AboutJunior iOS dev
Joined devRant on 11/22/2019
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I work with statistics/data analysis and web development. I study these subjects for almost a decade and now I have 4 years of practical experience.
This information is on my LinkedIn profile and from time to time tech recruiters contact me wanting to have an interview. I always accept because I find it a great way to practice interviews and talking in English, as it isn't my native language.
A remark that I always make to my colleagues wanting to start doing data analysis related work is that it may seem similar to development, but it's not. When you develop, your code work or not. It may be ugly, it may be full of security problems, but you almost always have a clear indication if things are functioning. It's possible to more or less correlate experience using a programming language with knowing how to develop.
Data science is different. You have to know what you are doing because the code will run even if you are doing something totally wrong. You have to know how to interpret the results and judge if they make sense. For this the mathematics and theory behind is as important as the programming language you use.
Ok, so I go to my first interview for a data science position. Then I discover that I will be interview by... a psychologist. A particularly old one. Yeah. Great start.
She proceeds to go through the most boring checklist of questions I ever saw. The first one? "Do you know Python?". At this point I'm questioning myself why I agreed to be interviewed. A few minutes later, a super cringy one: "Can you tell me an example of your amazing analytics skills?". I then proceed to explain what I wrote in the last two paragraphs to her. At this point is clear that she has no idea of what data science is and the company probably googled what they should expect from a candidate.
20 minutes later and the interview is over. A few days later I receive an email saying that I was not selected to continue with the recruitment process because I don't have enough experience.
In summary: an old psychologist with no idea on how data science works says I don't have experience on the subject based on a checklist that they probably google. The interview lasted less than 30 minutes.
Two weeks later another company interviews me, I gave basically the same answers and they absolutely liked what they heard. Since that day I stopped trying to understand what is expected from you on interviews.2
Boss: Can we add a [Close] button at the top right of the modal instead for all the items, the back at the lower left seems out of place.
Me: What modal? You mean move the back button to the top right of the page?
Boss: And make it say [Close]
Me: But it navigates Back. It's not a modal so it doesn't close. [Back] makes more sense than [Close].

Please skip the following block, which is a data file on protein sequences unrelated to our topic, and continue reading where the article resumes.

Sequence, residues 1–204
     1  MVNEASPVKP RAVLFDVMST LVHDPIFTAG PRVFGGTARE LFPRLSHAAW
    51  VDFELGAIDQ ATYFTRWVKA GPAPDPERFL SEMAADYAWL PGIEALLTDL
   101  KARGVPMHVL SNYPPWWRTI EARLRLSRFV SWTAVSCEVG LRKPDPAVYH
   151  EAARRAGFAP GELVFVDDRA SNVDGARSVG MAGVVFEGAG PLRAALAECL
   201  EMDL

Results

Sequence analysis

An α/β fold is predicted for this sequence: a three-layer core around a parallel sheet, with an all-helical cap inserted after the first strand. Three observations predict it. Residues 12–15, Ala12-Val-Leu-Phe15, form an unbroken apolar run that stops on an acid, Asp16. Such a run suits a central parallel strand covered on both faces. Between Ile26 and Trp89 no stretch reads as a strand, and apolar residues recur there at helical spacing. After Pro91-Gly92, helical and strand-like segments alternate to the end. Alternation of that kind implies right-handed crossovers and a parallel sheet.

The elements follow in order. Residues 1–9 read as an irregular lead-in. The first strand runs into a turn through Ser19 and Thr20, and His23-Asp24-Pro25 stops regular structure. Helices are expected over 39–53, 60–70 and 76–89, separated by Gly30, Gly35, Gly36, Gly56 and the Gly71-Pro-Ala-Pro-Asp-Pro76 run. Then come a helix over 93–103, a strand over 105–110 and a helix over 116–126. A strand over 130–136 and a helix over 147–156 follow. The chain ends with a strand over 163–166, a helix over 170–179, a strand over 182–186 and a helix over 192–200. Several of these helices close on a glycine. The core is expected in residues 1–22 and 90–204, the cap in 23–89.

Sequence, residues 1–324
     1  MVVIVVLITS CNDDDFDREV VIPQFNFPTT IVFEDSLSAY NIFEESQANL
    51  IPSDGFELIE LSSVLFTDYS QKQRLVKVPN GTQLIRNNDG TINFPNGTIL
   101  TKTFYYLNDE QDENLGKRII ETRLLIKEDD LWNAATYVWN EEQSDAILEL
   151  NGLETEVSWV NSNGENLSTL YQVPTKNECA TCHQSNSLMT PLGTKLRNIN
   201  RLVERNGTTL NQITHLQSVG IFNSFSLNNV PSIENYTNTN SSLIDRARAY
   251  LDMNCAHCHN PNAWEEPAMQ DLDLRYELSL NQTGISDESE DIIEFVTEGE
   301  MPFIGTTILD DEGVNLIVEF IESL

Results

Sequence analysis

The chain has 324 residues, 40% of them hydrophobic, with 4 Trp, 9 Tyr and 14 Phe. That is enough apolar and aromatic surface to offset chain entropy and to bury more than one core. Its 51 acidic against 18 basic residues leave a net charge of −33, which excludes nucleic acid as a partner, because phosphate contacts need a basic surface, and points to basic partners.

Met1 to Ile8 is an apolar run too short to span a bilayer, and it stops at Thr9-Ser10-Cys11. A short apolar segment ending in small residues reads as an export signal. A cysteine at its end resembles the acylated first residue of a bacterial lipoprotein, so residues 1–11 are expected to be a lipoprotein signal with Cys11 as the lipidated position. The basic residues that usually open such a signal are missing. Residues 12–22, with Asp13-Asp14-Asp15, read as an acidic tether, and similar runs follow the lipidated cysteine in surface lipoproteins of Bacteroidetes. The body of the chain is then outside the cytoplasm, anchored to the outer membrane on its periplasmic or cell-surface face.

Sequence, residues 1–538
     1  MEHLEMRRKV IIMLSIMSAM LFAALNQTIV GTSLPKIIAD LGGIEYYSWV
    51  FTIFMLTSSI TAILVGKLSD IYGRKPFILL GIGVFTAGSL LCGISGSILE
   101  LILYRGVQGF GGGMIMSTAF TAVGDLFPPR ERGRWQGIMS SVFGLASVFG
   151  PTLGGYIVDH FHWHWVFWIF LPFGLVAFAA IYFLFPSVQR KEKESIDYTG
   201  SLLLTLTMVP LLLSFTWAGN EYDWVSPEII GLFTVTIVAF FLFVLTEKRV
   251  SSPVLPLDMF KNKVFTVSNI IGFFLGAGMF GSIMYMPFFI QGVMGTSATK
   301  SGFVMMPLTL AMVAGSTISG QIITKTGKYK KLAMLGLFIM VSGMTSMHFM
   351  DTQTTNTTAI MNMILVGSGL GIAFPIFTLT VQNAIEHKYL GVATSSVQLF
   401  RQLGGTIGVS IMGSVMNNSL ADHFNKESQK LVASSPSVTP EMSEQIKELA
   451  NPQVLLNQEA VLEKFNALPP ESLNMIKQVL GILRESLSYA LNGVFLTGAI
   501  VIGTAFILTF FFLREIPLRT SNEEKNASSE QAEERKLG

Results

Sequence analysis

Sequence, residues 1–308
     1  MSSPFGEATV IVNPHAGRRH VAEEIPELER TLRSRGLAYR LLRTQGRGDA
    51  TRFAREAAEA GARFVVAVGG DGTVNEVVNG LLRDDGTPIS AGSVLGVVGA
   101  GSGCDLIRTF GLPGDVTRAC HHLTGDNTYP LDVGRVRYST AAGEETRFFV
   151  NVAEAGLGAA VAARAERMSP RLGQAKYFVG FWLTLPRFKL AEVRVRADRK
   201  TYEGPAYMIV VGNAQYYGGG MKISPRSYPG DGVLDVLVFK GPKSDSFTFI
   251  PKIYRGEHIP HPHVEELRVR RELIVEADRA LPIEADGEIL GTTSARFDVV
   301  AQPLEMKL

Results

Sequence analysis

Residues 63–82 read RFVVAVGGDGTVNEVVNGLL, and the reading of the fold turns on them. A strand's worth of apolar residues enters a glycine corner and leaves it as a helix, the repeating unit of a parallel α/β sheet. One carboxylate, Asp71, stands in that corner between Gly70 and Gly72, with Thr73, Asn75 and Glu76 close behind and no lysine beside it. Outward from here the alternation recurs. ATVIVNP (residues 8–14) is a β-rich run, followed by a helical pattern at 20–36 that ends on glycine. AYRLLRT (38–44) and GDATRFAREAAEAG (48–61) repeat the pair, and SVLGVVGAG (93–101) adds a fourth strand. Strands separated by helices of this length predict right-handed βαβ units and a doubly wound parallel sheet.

Boss: Change the [Back] on the modal to [Close].
Me: But... fine...
Buttons all now say "Close", they all have double quotes. No one has said anything.19
That moment you realise why you enjoy the dev life again.
It's been a long time since I've had a solid day of coding, just coding..., no meetings, no wild requests, no crazy issues, no data fixing because someone can't type a number correctly, just me, myself and that keyboard going on a field trip of quality coding time again.
Ah, it's a good day to end the week on!3
As an introvert & junior dev, I'm so frustrated with video conferencing meetings:
1. People interrupt each other and change topics all the time.
2. People disregard the host's agenda.
3. Meetings are starting to be recorded or secretly screenshotted in the very moment I am frowning because my internet connection is getting bad.
4. The meeting chat turns into a side discussion if the host is not addressing things in the chat and setting the rules clearly.
5. There are lots of buttons missing in my company's VC tool that would display my current status to the other participators, e.g. a no "I agree", "I disagree", or "I have something to add". All I have available in my VC tool is a "thumbs up" or "applause" reaction that stays next to me in my picture for very long 10s...
6. Webinars via VC tools are super uninteractive. To make it worse, there is no pizza, no free drinks and also no side conversations and no walking to the station together with the other nerds.
7. There is no way to tell the person speaking that you haven't heard them clearly or you would like them to explain something further in a big group meeting. It's too embarrassing for me to interrupt or let everyone else know in the chat that I haven't got it.
Bottom line: I HATE video conferences without a good facilitator that involve more than 3 people and would like to write my own VC software but I'm already kinda feeling drained because all these chaotic meetings stress me so much :(5
FUCKING RUBY PLUGIN
FUCKING AUTO INDENT
Why the FUCK is it so hard to imagine that a huge hash may go on several lines?
Do you have to fucking break my entire file just because some fucktard never saw a hash bigger than his tiny cock?
Do you fuckers like having lines of code that don't fit on your display?